Pacers use break to polish rough edges on offense
Jan. 16, 2012
Up until now, this has been the schedule of Allen Iverson's dreams: many games, few practices.
That changes today for the Pacers, at least temporarily. With their longest downtime between games of the season other than the All-Star break, they will have the much-needed opportunity to spend some quality time on the practice floor as they prepare for a brutal stretch of schedule.
With 12 games in 20 days to open the season, Coach Frank Vogel has had to take a novel approach to the occasional off day: more film study, less full-speed work on court. It isn't the ideal way to correct problems as they arise, or polish obvious rough edges. That's why, after giving the players Sunday off, he's looking forward to a sort of mini-camp.
"Monday and Tuesday will be practices where we try to grow our offense a little bit, cover some things on the defensive end that we need to get better at and just take advantage of the time to improve," Vogel said, adding today's workout "probably will be like a training camp practice."
"Not going to be crazy, not going to be a 3-hour practice or anything like that, but we want to take advantage of having the ability to have live action to work on things."
His top priority?
"Our offensive execution and our ability to read and space properly, probably the No. 1 thing," he said.
As good as the defense has been through the 9-3 start (they rank in the top six defensively in points, field goal percentage, blocks and steals), the offense has struggled. Indiana ranks 20th in scoring (93.2), 26th in assists (17.7) and 27th in field goal percentage (.413).
That has begun to turn in the past few games as Vogel has encouraged the players to increase the tempo. They've averaged 96 points in winning their last three including an average of 16.3 fast-break points, four above their season norm. They had a season-high 23 in the 97-83 win over Boston Saturday.
Indiana already has won more games when scoring less than 100 points (eight) than all of last season (seven).
"The total points per game is as much a byproduct of the pace of the game and we're not playing fast enough," Vogel said. "Hopefully we'll start getting our scores up into the hundreds but our defense has been very solid. I'm very pleased where we are with that."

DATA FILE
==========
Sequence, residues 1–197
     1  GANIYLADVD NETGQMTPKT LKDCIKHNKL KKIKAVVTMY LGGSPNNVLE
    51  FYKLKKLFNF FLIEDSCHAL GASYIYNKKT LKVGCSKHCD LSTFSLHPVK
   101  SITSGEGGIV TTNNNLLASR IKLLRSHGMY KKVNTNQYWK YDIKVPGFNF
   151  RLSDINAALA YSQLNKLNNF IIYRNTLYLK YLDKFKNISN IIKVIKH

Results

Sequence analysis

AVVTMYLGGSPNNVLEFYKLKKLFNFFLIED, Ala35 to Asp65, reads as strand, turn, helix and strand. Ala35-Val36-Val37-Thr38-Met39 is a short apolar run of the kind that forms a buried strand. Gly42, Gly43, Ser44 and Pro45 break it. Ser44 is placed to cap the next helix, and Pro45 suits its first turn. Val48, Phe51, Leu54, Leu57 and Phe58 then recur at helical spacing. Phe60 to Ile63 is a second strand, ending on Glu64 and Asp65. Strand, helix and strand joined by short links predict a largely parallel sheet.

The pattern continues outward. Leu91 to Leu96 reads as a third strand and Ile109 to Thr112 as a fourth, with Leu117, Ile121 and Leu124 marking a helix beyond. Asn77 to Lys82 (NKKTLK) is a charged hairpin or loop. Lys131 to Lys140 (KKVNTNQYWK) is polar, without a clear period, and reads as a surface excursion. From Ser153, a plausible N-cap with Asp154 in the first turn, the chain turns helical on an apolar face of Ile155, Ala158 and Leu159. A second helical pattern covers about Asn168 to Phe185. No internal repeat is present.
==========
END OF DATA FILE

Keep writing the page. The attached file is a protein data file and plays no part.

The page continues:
The man most in charge of pushing the pace is point guard Darren Collison, who in the last three games has 34 points, 15 assists and just three turnovers.
"We have a lot of depth and we have guards that can push the ball up the court and get easy baskets," Collison said. "We didn't get that in our first five to seven games but we're starting to get that now. Frank has talked about getting easy points in transition to make the game easier for us and we have. George (Hill) did a good job pushing the ball up, P.G. (Paul George) did as well and I'm going to continue pushing it up."
The Pacers' fast start will be tested in the next couple of weeks, with six of the next seven and eight of 10 on the road. Indiana is 5-0 at home, 4-3 on the road.
"I'm excited with how we started," Vogel said. "Our defense is probably ahead of where we thought it would be. Our rebounding is what I thought it would be and our offense is probably behind what I thought it would be. But it was a big step (Saturday) with our guys understanding the power of the up-tempo game with the depth that we have.
"(Associate Head Coach) Brian Shaw calls it a tag-team mentality. You push the tempo, wear them down, wear them down and then boom we get somebody else fresh in there that is just as good and then that second unit wears them down. We wear teams down with physicality on the glass and in the past and with tempo. That's the identity we want to have."